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Female artists struggle to be taken seriously, says Brit-winning singer

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Anna Brech
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Two-times Brit winner Dua Lipa says male artists are automatically given more credibility than their female counterparts 

The music industry is filled to the rafters with strong women who aren’t afraid to voice their own minds, whether that’s Madonna, Tina Turner or Beyoncé.

And yet, it isn’t immune to the same insidious sexism that seeps through the workplace the world over - as two-time Brit winner Dua Lipa points out.

Speaking in a new interview with GQ magazine, Lipa calls out the type of subtle prejudice that female artists face on a daily basis.

“For a female artist, it takes a lot more to be taken seriously if you’re not sat down at a piano or with a guitar, you know?” the singer says. 

“For a male artist, people instantly assume they write their own music, but for women, they assume it’s all manufactured.”

Dua Lipa says female artists struggle to be taken seriously

Lipa, who has amassed a YouTube following of billions of fans, wrote the majority of work on her award-winning debut album.

And she’s not the first artist to speak out about double standards in the music world.

In 2014, Lilly Allen revealed herself to be “astonished” by the lack of female executives at major record companies.

“You will also notice of the big successful female artists, there is always a ‘man behind the woman’ piece,” she said. If it’s Beyoncé, it’s Jay Z. If it’s Adele, it’s Paul Epworth. Me? It was Mark Ronson and the same with Amy Winehouse.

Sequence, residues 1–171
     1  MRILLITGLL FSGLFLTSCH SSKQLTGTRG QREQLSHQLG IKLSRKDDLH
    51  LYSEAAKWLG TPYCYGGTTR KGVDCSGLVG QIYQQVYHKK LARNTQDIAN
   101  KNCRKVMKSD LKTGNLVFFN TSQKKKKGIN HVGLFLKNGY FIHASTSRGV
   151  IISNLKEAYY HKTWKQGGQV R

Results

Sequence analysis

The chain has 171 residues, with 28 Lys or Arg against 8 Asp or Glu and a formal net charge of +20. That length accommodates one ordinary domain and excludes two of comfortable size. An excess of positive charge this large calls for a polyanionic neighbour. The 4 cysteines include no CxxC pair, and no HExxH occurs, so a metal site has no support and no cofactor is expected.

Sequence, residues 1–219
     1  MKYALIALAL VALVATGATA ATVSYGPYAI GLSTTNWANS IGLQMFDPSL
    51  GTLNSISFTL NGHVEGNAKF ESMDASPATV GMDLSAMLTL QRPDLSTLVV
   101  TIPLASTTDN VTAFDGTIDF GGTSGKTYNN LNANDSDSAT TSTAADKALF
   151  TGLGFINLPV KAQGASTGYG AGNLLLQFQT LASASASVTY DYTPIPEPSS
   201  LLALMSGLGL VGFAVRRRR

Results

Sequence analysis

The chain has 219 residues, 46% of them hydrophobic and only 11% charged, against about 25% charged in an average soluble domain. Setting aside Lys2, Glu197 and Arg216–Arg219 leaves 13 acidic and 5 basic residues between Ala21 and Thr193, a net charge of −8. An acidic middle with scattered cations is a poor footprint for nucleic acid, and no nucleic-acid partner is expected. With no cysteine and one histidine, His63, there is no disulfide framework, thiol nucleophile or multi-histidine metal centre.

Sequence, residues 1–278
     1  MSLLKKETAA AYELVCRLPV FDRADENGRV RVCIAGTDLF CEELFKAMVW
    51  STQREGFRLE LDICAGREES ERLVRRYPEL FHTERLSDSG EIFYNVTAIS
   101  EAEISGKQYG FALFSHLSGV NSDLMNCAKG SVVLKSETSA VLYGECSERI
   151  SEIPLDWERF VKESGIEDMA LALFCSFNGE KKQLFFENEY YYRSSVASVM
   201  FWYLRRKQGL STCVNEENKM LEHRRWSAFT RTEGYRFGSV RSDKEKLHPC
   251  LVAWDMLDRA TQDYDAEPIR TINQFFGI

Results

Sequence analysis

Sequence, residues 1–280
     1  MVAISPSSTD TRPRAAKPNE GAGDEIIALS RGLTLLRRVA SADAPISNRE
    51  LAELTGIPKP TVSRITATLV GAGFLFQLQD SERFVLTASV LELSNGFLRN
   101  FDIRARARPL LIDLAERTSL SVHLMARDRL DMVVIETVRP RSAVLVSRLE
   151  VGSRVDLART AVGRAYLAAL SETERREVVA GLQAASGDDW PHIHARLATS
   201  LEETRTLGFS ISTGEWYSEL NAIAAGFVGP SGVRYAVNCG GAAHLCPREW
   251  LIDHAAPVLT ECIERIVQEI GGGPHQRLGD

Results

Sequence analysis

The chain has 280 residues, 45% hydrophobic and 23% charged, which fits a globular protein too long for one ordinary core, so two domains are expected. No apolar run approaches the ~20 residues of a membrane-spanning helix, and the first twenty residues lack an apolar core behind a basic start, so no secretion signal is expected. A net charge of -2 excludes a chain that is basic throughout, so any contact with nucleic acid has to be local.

“You never get that with men,” she added. “You can’t think of the man behind the man. Because it is a conversation that never happens. If you are Ed Sheeran or someone, no one ever talks about who has produced or who is the man behind Ed Sheeran.”

Lily Allen has also spoken out about industry sexism

In this latest interview, Lipa also throws her support behind the #MeToo movement that has galvanised women of all professions and backgrounds to share their experiences of sexual harassment in recent months. 

“I’m lucky in that I haven’t really had any sexual harassment in any way,” the singer says. “But I think [#MeToo] is so important. You know, even from school, growing up with kiss chase or whatever, it’s been ingrained in our heads that boys will be boys and its harmless fun and no big deal and to brush things off. Like catcalling. 

“To some it might not seem a lot, but it affects your mood, people get embarrassed about the way they dress. For lots of females, be it actresses, singers, models, no matter what it is, it’s not being able to have the right to dress and wear how and what you want and be taken seriously.”

Hear, hear. 

Images: Getty

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Anna Brech

Anna Brech is a freelance journalist and former editor for stylist.co.uk. Her six-year stint on the site saw her develop a vociferous appetite for live Analytics, feminist opinion and good-quality gin in roughly equal measure. She enjoys writing across all areas of women’s lifestyle content but has a soft spot for books and escapist travel content.

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